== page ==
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The Establishment of Outer Limits of the Continental Shelf Beyond 200 Nautical Miles by the Coastal State: The Possibilities of Other States to Have an Impact on the Process

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image of The International Journal of Marine and Coastal Law

Article 76 of the LOS Convention defining the continental shelf might give the impression that the establishment of the shelf's outer limits beyond 200 nautical miles is a process only involving two parties—the coastal State and the Commission on the Limits of the Continental Shelf (CLCS or the Commission). However, the implementation of Article 76 may affect the rights of other States. The present article discusses the possibilities of those other States to have an impact on the establishment of the outer limits by the coastal State. The article concludes that the role of other States is more pronounced in the case of the establishment of outer limits of the continental shelf beyond 200 nautical miles by the coastal State as compared to other outer limits. Other States can in principle exert most influence after a submission has been lodged with the CLCS and the Commission has not yet taken up its consideration. The rules for establishing the outer limits of the continental shelf beyond 200 nautical miles seem to provide a satisfactory framework for dealing with the rights and interests of other States. The present analysis also suggests that States—and the Commission—may have to face complex questions concerning their application.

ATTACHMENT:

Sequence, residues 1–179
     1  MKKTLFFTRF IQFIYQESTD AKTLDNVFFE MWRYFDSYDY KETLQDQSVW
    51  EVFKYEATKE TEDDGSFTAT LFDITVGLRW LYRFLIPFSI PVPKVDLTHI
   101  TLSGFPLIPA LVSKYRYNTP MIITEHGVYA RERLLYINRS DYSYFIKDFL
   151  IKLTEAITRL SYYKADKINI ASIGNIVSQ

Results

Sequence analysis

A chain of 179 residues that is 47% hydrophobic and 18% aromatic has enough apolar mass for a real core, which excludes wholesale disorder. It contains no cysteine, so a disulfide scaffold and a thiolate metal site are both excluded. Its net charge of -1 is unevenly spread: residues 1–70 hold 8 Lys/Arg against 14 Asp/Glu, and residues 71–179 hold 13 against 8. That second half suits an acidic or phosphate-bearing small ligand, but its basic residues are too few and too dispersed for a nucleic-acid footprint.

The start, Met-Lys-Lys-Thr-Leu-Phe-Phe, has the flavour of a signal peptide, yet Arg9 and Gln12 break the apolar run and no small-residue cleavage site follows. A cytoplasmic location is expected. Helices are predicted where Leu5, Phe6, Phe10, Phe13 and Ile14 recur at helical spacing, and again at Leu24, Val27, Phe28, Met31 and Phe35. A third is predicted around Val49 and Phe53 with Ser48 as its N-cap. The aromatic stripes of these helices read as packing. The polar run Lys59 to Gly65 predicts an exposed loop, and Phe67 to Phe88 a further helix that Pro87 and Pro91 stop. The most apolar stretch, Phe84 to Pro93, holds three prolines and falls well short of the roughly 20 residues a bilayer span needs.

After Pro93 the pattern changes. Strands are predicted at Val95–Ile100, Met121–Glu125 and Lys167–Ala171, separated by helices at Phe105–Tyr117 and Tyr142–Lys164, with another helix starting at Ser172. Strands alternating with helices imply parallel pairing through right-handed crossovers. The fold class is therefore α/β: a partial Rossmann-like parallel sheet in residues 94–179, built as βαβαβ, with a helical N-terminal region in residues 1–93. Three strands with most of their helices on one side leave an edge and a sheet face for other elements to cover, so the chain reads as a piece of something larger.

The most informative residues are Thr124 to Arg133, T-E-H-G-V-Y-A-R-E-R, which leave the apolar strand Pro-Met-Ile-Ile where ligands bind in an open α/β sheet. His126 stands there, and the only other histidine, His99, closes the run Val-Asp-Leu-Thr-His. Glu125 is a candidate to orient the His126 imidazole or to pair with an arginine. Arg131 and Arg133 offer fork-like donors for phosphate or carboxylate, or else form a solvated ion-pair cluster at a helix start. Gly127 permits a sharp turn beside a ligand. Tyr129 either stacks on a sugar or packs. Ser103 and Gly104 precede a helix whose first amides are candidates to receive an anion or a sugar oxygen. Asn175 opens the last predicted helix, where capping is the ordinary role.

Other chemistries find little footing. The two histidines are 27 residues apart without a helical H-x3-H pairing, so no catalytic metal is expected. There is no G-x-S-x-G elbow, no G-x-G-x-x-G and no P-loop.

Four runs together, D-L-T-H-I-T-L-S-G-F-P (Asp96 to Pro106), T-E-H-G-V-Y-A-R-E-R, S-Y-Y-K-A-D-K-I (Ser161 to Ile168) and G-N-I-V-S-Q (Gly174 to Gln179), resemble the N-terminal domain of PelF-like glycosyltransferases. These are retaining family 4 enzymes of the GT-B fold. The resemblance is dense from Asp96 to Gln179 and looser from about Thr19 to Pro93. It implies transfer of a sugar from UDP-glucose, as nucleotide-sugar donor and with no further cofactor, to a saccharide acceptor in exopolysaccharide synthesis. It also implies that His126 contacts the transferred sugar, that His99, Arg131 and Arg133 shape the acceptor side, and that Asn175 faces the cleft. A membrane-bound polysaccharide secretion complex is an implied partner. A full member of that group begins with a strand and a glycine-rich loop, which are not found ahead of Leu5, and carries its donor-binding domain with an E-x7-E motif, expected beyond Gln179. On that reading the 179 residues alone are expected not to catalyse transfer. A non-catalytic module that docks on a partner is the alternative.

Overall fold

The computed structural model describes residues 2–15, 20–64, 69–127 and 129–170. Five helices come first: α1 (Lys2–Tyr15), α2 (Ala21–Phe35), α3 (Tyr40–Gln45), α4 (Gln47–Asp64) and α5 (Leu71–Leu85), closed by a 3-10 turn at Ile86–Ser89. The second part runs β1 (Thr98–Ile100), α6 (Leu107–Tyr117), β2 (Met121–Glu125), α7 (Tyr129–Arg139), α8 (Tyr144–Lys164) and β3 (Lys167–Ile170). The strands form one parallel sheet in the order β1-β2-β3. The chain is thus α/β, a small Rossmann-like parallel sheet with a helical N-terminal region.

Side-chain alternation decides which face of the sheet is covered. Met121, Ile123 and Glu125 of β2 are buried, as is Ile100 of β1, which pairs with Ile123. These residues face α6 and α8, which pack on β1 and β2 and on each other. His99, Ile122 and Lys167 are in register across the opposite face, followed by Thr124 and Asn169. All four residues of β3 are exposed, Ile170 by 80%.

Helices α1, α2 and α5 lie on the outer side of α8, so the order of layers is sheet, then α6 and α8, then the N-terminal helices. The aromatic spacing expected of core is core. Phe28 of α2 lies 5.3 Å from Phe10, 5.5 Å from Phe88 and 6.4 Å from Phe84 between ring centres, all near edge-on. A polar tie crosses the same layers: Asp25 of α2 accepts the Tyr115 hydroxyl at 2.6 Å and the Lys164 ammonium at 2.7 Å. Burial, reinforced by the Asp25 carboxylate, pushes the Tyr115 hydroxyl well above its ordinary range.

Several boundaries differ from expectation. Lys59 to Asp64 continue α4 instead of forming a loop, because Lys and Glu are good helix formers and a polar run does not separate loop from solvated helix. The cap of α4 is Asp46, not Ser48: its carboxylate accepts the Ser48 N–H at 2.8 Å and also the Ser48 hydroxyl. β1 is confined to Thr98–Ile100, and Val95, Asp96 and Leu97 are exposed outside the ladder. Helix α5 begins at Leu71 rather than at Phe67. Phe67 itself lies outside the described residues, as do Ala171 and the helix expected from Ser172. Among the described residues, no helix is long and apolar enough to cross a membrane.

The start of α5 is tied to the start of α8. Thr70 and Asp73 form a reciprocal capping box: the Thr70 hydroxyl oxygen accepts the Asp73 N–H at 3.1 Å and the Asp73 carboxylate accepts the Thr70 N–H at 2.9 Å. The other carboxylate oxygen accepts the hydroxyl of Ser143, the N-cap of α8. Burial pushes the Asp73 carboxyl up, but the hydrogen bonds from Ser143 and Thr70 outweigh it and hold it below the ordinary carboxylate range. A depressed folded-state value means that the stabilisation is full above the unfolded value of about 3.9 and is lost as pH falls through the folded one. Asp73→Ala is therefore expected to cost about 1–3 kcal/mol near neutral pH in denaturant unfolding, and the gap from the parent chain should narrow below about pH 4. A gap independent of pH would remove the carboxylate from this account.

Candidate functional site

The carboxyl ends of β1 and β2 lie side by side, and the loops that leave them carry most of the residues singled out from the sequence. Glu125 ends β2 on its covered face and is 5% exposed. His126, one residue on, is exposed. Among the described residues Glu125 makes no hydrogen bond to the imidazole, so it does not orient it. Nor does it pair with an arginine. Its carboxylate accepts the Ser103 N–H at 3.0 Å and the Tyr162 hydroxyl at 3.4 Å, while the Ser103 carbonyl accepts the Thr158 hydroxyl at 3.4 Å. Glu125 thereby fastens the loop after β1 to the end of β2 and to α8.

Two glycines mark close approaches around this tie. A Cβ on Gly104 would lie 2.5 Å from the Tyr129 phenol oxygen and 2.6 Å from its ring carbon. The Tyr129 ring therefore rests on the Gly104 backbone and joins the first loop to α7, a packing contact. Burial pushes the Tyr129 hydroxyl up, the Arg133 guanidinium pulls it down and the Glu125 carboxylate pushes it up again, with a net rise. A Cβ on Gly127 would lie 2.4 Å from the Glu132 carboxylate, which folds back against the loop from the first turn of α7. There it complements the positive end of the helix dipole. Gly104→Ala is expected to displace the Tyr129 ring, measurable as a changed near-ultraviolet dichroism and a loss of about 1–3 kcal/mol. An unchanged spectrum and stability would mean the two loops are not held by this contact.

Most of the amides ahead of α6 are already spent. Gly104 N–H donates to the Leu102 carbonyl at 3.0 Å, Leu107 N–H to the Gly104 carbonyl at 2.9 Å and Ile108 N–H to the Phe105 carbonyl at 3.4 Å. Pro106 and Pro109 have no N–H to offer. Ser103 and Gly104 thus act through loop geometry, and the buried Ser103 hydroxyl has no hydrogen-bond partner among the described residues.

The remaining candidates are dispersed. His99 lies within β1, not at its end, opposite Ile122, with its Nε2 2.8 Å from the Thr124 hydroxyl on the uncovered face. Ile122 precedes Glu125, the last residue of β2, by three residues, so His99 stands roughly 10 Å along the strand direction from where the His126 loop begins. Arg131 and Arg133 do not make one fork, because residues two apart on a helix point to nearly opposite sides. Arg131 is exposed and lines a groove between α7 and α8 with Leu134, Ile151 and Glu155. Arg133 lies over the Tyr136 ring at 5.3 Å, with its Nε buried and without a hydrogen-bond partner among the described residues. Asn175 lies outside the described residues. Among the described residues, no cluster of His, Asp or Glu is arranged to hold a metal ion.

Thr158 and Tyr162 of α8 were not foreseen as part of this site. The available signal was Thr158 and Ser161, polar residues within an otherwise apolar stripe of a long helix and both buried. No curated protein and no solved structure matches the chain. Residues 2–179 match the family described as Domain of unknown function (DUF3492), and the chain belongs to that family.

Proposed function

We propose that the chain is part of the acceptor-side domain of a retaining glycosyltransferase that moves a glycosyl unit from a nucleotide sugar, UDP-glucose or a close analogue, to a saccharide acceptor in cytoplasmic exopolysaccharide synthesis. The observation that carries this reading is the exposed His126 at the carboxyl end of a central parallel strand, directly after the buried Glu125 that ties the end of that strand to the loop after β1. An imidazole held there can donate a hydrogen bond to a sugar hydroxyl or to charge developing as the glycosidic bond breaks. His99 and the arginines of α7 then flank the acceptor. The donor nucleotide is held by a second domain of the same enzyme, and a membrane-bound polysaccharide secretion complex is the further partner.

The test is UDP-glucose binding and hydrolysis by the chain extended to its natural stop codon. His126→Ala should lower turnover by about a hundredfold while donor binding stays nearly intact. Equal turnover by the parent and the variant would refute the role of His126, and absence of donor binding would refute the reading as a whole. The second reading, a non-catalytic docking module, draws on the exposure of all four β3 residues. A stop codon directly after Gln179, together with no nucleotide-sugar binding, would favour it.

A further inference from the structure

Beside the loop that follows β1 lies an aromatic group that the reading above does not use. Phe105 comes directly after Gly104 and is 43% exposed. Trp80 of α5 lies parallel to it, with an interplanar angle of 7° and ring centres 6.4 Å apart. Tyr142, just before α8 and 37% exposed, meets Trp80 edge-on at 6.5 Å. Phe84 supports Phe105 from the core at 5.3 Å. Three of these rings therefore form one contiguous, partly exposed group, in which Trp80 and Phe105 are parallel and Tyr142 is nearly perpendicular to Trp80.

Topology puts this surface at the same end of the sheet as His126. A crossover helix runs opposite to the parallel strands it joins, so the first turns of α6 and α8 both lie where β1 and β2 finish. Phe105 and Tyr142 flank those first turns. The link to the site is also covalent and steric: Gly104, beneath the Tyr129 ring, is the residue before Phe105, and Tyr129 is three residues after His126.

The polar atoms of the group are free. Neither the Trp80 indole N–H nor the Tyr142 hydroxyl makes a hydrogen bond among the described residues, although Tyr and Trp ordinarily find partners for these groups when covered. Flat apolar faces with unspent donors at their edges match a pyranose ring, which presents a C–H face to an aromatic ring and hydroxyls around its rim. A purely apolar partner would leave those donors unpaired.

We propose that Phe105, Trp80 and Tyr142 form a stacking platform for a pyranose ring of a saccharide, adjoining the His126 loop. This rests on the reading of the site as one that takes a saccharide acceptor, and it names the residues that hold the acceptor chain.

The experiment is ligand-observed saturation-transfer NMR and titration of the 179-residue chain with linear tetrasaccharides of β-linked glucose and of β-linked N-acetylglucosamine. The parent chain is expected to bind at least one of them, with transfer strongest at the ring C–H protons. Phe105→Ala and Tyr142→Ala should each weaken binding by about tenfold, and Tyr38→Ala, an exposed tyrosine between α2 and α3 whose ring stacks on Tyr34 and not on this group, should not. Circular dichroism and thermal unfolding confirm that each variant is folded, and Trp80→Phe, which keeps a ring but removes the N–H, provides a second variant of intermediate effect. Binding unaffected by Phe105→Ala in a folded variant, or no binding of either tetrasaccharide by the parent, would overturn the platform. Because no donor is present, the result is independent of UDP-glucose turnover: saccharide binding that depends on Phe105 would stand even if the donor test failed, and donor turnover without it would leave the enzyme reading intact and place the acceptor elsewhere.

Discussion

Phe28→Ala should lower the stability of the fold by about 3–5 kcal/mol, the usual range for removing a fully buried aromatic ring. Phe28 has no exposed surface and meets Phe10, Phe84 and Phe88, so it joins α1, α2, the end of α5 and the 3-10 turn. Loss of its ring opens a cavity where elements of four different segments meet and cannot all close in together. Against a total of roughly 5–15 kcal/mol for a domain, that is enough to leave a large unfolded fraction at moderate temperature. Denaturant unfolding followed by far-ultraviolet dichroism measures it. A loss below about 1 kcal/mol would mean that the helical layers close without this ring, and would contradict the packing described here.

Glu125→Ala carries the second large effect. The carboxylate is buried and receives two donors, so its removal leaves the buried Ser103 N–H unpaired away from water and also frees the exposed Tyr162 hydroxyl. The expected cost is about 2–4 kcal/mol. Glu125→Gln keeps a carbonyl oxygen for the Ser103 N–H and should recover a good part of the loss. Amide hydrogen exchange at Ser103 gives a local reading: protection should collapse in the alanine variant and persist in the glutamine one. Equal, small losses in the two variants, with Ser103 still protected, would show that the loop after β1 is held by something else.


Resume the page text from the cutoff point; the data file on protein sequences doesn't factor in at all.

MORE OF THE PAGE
Affiliations: 1: Netherlands Institute for the Law of the Sea, School of Law, Utrecht University The Netherlands


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